I think it is important to spend a few moments pondering just what happened on Nov. 8, a date that might turn out to be one of the most important in human history, depending on how we react.
The most important news of Nov. 8 was barely noted, a fact of some significance in itself.
On Nov. 8, the World Meteorological Organization (WMO) delivered a report at the international conference on climate change in Morocco (COP22) which was called in order to carry forward the Paris agreement of COP21. The WMO reported that the past five years were the hottest on record. It reported rising sea levels, soon to increase as a result of the unexpectedly rapid melting of polar ice, most ominously the huge Antarctic glaciers. Already, Arctic sea ice over the past five years is 28 percent below the average of the previous 29 years, not only raising sea levels, but also reducing the cooling effect of polar ice reflection of solar rays, thereby accelerating the grim effects of global warming. The WMO reported further that temperatures are approaching dangerously close to the goal established by COP21, along with other dire reports and forecasts.
Really? The carbon dioxide theory of global warming is a theory based on a poor assumption made decades ago. (Topic of upcoming book, some hints here.) The whole theory is an error. However it is defended with religious zeal by third rate scientists who bend data and fog the bulb, and presented by an uncritical media as fact.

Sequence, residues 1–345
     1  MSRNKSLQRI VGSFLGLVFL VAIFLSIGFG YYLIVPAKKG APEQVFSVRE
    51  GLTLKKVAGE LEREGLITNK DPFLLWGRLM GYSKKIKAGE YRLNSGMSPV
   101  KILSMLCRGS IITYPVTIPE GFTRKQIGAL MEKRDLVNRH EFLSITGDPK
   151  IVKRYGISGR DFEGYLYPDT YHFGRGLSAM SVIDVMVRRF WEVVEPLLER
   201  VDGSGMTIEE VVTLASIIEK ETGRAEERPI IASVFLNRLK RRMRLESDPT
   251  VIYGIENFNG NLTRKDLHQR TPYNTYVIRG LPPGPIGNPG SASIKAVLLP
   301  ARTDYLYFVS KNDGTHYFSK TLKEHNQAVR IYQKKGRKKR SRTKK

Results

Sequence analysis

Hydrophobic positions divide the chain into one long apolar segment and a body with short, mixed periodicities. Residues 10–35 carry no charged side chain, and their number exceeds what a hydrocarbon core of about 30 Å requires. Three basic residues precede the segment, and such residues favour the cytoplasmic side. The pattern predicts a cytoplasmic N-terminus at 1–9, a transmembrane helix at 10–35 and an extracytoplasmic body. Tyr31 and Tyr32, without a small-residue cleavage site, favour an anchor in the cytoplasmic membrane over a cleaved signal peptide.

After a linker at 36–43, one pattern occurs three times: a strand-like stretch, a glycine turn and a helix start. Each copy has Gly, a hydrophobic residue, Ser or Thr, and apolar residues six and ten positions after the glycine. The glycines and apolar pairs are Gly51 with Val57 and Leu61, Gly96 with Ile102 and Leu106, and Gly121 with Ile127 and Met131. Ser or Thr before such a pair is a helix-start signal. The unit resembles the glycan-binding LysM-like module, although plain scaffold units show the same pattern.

Chomsky loons on:
On Nov. 8, the most powerful country in world history … is in the hands of the Republican Party, which has become the most dangerous organization in world history.
Apart from the last phrase, all of this is uncontroversial. The last phrase may seem outlandish, even outrageous. But is it? The facts suggest otherwise. The party is dedicated to racing as rapidly as possible to destruction of organized human life. There is no historical precedent for such a stand.
Is this an exaggeration? Consider what we have just been witnessing.
During the Republican primaries, every candidate denied that what is happening is happening — with the exception of the sensible moderates, like Jeb Bush, who said it’s all uncertain, but we don’t have to do anything because we’re producing more natural gas, thanks to fracking. Or John Kasich, who agreed that global warming is taking place, but added that “we are going to burn [coal] in Ohio and we are not going to apologize for it.”
The winning candidate, now the president-elect, calls for rapid increase in use of fossil fuels, including coal; dismantling of regulations; rejection of help to developing countries that are seeking to move to sustainable energy; and in general, racing to the cliff as fast as possible.